Our Grand Avenue
Dupont Tree Plaza
The barren city sidewalk on Massachusetts Avenue by the PNC Bank Dupont Circle branch must be transformed into a shaded and inviting community space.
Below is our vision of a new Tree Plaza to connect the park in Dupont Circle to the emerging tree alleés of Mass Ave. (Pictures and plan by Leo A Daly)
Restore Mass Ave tried for years to get a city agency to take on renovating this 7,100 square feet of public sidewalk by planting trees, but to no avail. Others whom RMA briefed were in favor, such as the President of PNC Bank which adjoins the site. A growing list of community leaders support the RMA plan.
RMA must create growing space for trees there, first, because our core mission is extending tree canopy. Second, the site is the real start of Embassy Row. A huge private “castle” built there in 1873 kicked off the trend for imposing residences and created the original Grand Avenue. (See our book A Grand Avenue Revival.) In future, as the rows of trees we’re growing on Mass Ave to the west mature, we’ll need an inviting place to start eco-tours.
Designgreen hired to figure getting it done
So we’ve contracted with Designgreen LLC, a firm expert in green engineering, to investigate the site and seek funding to design and build the Tree Plaza with public or private funds.
“This is a wonderful location to showcase a sustainable green retrofit,” says Rebecca C. Stack, the Designgreen principal. “It is vital to take advantage of the site’s visibility to raise awareness linking trees, water, and liveability through an inviting, shaded community space.”
Ms. Stack is an environmental engineer with more than 15 years of experience in ecosystem engineering and watershed planning. She specialized in stormwater management rules and design for eight years at DC Department of Energy and Environment.
Her firm provides technical support for integrating sustainable landscape into urban areas. (A “green retrofit” is the new planting space around a large tree where Rhode Island Avenue and M Street merge on the west side of Connecticut Avenue.)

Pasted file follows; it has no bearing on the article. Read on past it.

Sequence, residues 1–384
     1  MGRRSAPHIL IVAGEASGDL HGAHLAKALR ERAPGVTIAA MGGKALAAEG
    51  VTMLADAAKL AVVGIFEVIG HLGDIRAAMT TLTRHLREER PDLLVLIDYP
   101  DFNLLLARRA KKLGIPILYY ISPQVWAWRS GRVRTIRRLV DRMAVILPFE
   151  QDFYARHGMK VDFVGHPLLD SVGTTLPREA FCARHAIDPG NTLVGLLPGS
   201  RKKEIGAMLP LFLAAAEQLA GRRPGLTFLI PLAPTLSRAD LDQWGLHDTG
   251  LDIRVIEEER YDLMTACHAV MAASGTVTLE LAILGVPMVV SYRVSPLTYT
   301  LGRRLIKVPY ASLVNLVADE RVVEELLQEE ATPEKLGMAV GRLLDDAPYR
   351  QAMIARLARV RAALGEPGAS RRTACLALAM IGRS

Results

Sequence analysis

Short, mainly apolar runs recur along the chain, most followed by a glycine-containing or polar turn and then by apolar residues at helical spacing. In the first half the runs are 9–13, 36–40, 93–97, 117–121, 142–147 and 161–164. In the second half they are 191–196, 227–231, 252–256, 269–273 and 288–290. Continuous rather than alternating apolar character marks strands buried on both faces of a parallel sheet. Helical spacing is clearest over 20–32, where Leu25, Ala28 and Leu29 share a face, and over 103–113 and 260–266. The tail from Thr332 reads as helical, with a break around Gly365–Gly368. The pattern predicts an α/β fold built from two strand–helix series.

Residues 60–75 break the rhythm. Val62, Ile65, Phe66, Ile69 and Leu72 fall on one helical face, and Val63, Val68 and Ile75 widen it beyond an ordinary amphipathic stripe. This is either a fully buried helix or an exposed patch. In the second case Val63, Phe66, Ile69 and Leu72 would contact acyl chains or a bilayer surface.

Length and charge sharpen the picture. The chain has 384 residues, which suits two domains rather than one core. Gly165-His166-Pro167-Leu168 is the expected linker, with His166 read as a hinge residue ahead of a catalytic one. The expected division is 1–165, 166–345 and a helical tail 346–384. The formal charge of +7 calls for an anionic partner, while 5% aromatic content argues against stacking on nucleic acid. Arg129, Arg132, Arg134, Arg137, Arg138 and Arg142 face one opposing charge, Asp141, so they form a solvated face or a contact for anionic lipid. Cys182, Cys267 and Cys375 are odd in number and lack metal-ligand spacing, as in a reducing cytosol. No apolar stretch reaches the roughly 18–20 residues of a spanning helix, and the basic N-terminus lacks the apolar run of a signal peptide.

Why the site is vital to our city
The sidewalk expanse where Mass Ave meets Dupont Circle has been neglected for decades. It has a bank entrance and ATM and the closed entrance to the old trolley tunnel.
Yet thousands of workers, residents and tourists walk there daily. The Capital Bikeshare station is one of three busiest in the city. Steps away is the Metro Red Line Dupont North exit, used by 10,500 riders each weekday. At least 18,000 vehicles pass daily spewing exhaust. Ground level air is hot and hard to breathe even in mild weather.
A number of city agencies make grants to local groups to retrofit paved areas to lessen storm runoff into city drains and rivers. The District needs to capture more stormwater and cool ground-level air in order to meet federal water and air standards. RMA’s Tree Plaza project likely qualifies for such funding.
Many scenarios are possible for design and building of the Tree Plaza. Ms. Stack of Designgreen also says that, to carry out the project, RMA could engage partners with experience in green retrofits.
The Leo A Daly firm (whose office is at 1201 Connecticut Avenue) assessed the space and made a site plan showing there could be space for nine additional trees, after good soil and rooting space are provided.
For more on the plan see our Tree Plaza Press Release.
“Our Tree Plaza vision symbolizes what everybody says they want for Washington: making it again the City of Trees,” says Deborah Shapley, RMA President. “We welcome Designgreen as the catalyst who can figure out how to realize our vision.”
Site is critical to our Grand Avenue
The two miles of Massachusetts Avenue from Dupont Circle westward, is perhaps the last intact Grand Avenue streetscape in the nation (see Why Restore Mass Ave). In nine years RMA arranged planting and care for >350 trees to regrow this landscape of large trees arching over shaded, inviting sidewalks.
Here, in 1873, William Morris Stewart, a hugely wealthy Nevada senator, built a “castle,” though the area was but swamp and woods. Yet “Stewart’s Folly” launched the first wave of mansion-building, such as the Blaine mansion at 2000 Mass (1880) and the Bryan home at 2027 Mass (1895). The city created a stately venue for carriages and pedestrians by planting double rows of linden trees; see shown in the 1880 planting map, Figure 4, in A Grand Avenue Revival, our award-winning book.
Join our coalition
Email us at email@example.com to comment or join a Dupont Tree Plaza Coalition. If you’re sick of trudging across a bare heat island when going to and from Metro, renting a bike, or doing retail business there, contact us to make a better city.